rogrammed to recognize orange soccer balls, a USC team of
robot athletes might prefer to attack a wall or a grad
But such are the problems to be worked out when putting
together one of the first American robot soccer teams--to
compete with four clubs next week in the first annual RoboCup
(Robot World Cup) in Nagoya, Japan.
Five players, built and programmed by a team of USC
professors and students, will play soccer without human
"Our robots are completely on their own," said student
Rogelio Adobbati. "If they score, it's on their own merit. If
they score on their own goal, it's their own fault. We try to
blame them instead of blaming ourselves."
Adobbati, a student clearly accustomed to having his
legs attacked by Chihuahua-sized machines, nudges a defender
named Marge away. His frustration mounts, though, when Marge
and her teammates repeatedly slam head-first into walls or
begin binges of spinning in circles.
"It's like when you want a dog to fetch a stick and it
just stares at you," Adobbati said.
The robots are programmed to sense where the ball is and
to chase it into the goal. They're supposed to cooperate with
teammates to outmaneuver opposing players.
Coaches will not tolerate ball hoggers.
* * *
"If one guy sees that the other team member already has
the ball, he will not chase," said Wei-Min Shen, the computer
science professor heading the project.
The complexity of such a task is extraordinary. Just
getting a robot to distinguish between a soccer ball and a
human leg requires months of programming, Shen said.
Sometimes their eyes detect the red hue in flesh and mistake
it for the orange in a soccer ball.
"Luckily, it's so small, it can't do any harm," Adobbati said.
To build the robots, the scientists took
radio-controlled toy trucks and souped them up--essentially
giving an eye and brain to each.
The eye is an off-the-shelf digital camera that senses
color and shape. With the brain--a laptop computer mounted to
the player's back--it can gauge distance by the relative size
of an object in its field of vision.
The robots move on oversized spherical truck wheels that
spin individually, allowing the robots to twirl with speed
and agility. Shen estimated that each android costs about
The USC team--two attackers, two defenders and a
goalkeeper, all named for characters on "The Simpsons"
television series--will play four games at the
corporate-sponsored tournament. Since the androids quickly
drain power from their batteries, the games last only 10
* * *
In Shen's league, the medium-sized division, the teams
will come from universities in Australia, the United States
and Japan. Shen and eight graduate students began working in
their free time on the project several months ago. USC's
Information Science Institute had decided to fund the team
after its students placed second in an unrelated robot
competition last year, Shen said.
Beyond prestige, there is no reward in winning the
RoboCup. But the tournament is connected to the International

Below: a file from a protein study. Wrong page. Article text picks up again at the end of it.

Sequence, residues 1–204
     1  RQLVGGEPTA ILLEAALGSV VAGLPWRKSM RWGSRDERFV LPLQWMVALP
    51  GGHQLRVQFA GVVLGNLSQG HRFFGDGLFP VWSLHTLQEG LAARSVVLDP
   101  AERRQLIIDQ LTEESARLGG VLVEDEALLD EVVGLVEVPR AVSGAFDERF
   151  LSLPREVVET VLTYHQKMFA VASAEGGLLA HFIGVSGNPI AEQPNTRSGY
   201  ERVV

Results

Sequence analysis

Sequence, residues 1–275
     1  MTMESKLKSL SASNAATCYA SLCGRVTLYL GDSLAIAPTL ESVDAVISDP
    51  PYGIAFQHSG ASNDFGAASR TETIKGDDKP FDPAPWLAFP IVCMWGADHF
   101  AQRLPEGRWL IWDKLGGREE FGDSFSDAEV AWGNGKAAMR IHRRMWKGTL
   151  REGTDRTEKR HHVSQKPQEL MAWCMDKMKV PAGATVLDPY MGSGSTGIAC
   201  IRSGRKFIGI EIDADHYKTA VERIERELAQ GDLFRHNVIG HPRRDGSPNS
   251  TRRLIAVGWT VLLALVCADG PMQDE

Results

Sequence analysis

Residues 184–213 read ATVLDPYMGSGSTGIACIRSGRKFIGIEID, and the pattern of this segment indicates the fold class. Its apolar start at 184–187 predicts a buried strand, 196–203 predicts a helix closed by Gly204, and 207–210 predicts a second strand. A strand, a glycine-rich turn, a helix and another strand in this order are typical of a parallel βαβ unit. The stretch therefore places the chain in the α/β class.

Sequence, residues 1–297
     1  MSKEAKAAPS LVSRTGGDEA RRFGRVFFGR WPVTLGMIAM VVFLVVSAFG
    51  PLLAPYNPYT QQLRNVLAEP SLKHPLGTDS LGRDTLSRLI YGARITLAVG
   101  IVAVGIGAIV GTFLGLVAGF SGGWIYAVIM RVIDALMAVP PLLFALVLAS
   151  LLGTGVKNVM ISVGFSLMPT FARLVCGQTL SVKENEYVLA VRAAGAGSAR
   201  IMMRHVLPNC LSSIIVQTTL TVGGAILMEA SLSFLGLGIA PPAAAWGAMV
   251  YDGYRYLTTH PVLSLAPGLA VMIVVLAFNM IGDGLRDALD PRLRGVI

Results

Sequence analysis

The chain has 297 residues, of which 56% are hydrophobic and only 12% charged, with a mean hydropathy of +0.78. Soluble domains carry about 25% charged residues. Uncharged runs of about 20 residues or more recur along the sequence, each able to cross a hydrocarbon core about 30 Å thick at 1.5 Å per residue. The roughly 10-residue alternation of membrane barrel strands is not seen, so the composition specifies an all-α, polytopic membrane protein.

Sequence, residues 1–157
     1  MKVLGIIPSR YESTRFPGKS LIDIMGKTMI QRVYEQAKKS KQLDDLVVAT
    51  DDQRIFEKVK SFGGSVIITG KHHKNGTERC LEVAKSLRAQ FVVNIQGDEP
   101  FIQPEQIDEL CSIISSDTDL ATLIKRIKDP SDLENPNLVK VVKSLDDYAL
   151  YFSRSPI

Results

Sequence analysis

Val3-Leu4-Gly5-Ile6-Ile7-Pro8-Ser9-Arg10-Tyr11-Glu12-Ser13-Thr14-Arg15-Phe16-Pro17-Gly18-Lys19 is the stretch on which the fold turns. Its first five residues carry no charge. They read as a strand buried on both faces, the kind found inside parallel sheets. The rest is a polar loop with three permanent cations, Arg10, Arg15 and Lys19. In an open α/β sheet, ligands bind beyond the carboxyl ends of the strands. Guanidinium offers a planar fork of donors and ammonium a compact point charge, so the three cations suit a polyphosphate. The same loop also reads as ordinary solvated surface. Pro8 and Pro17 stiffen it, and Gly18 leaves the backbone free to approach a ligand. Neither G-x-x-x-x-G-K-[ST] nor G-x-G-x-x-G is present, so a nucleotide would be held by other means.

Conference on Artificial Intelligence and is considered a
major event in this scientific field, Shen said. After the
tournament, each team will share its experiences and its new
technology with the others at a workshop.
On USC's team, each player is programmed to perform a
specific task on a 5-by-8-meter field. Maggie the goalkeeper,
for example, has an eye on its side, so it is more capable of
moving back and forth laterally to prevent goals.
Experts say that combining the more abstract field of
artificial intelligence with the real-world mechanics of
robotics is a trying task.
"One of the holy grails in artificial intelligence is to
build a robot that can do the things that we do," said UCLA
professor Richard Korf.
Korf said that building and programming robots to do
simple tasks that a child easily performs can be as hard as
teaching them to be a chess master.
"In some ways chess was easy," Korf said. "[That] world
was very predictable. [But] if you play soccer, you know when
you kick the ball it doesn't exactly do what you want."
Soccer players also deal with the added element of
time--they have to make decisions in split-seconds. And
again, they have the problem of recognizing the ball, the
goal, teammates and opponents.
* * *
Shen, who has worked in the field of artificial
intelligence for 14 years, is determined to overcome
real-life obstacles. "It's more challenging," he said. "I
always think that to really understand intelligence you have
to try the real thing. You have to deal with sensing
uncertainty or uncertainties in action."
Shen hopes to someday build a robot that learns like a
child, but can go where no human could--like the Los Angeles
sewer system. A year ago, he proposed to the county
Sanitation District a robot design called the "pipe fish,"
which would drift or swim down massive sewer lines to detect
Sewage always fills these trunk sewer lines, with no way
to check for damage, said Dave Greenwood, a supervising
engineer at the agency.
Engineers thought the idea was clever, but county
supervisors decided that the project would be too costly and
postponed the proposal, Greenwood said. He added, "It's
possible that we'd throw it in and never find it again."
Now, Shen, like an overzealous father, devotes all his
time to his soccer team. "I feel like they're my babies," he
said. And when his babies get a little deranged and go for a
human leg, he says he's nothing but proud. "No one else is
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